According to the Substance Abuse and Mental Health Services Administration (SAMHSA) 2015 substance use report:  

  • 20.8 million Americans aged 12 and above had a substance use disorder
  • 15.7 million people aged above 12 had an alcohol use disorder
  • 4 million people aged above 12 had a marijuana use disorder
  • 2 million people aged above 12 had a disorder relating to pain killers
  • 896,000 people aged above 12 had a cocaine use disorder
  • 872,000 people aged above 12 had a methamphetamine use disorder
  • 591,000 people aged above 12 had a heroine use disorder
  • 426,000 people aged above 12 had a stimulant use disorder

Every addict has someone who loves them and cares for them. For these people, finding ways to cope with the rigors of drug addiction can be flat-out overwhelming.

Tips on How to Love Someone with a Substance Addiction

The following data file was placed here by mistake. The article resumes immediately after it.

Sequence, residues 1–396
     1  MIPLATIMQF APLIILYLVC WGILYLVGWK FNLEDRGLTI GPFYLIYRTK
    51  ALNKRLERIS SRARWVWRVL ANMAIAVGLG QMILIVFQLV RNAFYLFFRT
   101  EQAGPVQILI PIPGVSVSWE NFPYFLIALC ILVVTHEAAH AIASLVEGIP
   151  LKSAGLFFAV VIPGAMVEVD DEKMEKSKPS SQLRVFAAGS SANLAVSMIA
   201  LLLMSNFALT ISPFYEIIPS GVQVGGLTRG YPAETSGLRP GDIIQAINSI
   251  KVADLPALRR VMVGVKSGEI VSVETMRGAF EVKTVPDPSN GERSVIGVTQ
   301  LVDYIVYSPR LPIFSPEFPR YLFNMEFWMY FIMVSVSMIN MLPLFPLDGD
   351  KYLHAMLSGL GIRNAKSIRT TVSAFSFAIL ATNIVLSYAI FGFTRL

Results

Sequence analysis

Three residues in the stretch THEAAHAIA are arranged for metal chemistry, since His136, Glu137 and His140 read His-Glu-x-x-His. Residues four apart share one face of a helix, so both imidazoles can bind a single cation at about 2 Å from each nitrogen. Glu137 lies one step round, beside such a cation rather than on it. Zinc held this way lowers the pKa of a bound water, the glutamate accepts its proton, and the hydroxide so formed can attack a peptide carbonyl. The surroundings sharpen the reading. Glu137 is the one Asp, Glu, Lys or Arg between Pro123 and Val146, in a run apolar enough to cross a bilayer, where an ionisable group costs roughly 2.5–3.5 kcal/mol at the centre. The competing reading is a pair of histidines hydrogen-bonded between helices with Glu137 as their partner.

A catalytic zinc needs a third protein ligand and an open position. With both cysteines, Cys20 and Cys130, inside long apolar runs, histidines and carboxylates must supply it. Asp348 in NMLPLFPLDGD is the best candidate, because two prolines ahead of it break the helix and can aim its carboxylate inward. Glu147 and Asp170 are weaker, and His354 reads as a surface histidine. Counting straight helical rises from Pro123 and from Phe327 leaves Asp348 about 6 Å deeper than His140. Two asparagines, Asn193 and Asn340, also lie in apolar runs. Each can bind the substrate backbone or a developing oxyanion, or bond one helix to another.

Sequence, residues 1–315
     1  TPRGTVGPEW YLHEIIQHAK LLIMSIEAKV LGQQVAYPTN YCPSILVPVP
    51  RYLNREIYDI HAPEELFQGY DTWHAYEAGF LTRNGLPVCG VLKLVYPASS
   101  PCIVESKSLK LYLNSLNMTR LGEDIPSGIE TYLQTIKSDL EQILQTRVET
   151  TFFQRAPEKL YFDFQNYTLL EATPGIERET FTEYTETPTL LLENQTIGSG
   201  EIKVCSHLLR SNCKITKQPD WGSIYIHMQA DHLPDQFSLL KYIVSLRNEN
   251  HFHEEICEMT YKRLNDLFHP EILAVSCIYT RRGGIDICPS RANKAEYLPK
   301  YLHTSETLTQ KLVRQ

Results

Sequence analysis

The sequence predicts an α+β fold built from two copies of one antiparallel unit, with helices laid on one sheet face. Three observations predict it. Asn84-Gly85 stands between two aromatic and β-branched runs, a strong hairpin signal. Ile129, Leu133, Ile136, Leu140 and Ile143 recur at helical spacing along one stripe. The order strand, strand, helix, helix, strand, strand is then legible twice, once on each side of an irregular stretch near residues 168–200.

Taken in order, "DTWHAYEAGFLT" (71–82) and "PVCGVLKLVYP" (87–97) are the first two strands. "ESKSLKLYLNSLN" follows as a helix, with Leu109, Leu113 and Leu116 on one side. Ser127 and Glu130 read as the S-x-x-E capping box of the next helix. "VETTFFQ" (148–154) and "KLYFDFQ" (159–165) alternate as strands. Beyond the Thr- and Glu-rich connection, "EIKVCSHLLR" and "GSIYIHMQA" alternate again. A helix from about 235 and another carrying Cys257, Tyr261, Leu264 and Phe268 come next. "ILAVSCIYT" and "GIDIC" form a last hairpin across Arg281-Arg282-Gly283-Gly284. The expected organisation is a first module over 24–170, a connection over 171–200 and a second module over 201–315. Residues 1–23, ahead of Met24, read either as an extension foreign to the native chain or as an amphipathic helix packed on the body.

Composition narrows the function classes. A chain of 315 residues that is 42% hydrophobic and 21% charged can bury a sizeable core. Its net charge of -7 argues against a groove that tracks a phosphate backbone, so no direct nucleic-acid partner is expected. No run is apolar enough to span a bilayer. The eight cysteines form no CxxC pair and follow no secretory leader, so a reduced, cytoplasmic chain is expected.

1) Learn as much as you can about addiction

Read books, articles and journals. Learn about how drug abuse is a chronic disease. Learn how drugs interact with brain cells, altering the brain’s chemistry and affecting its perceptions of risk and reward, happiness and sadness. Understanding the physical and psychological effects of drug addiction will help you stop pointing fingers. You’ll understand that your partner’s addiction is not because of his laziness, lack of willpower or stubbornness. You’ll also learn that it is not because of you. You’ll stop thinking, “Can’t he see what he’s doing to the family?” or “If he loved me, he’d stop.” You’ll see that addiction is a chronic disease that just can’t be wished away. It takes time and effort. Addicts need continuous therapy and medical support. Recovery is a constant work-in-progress.

2) Don’t be too excited about rehab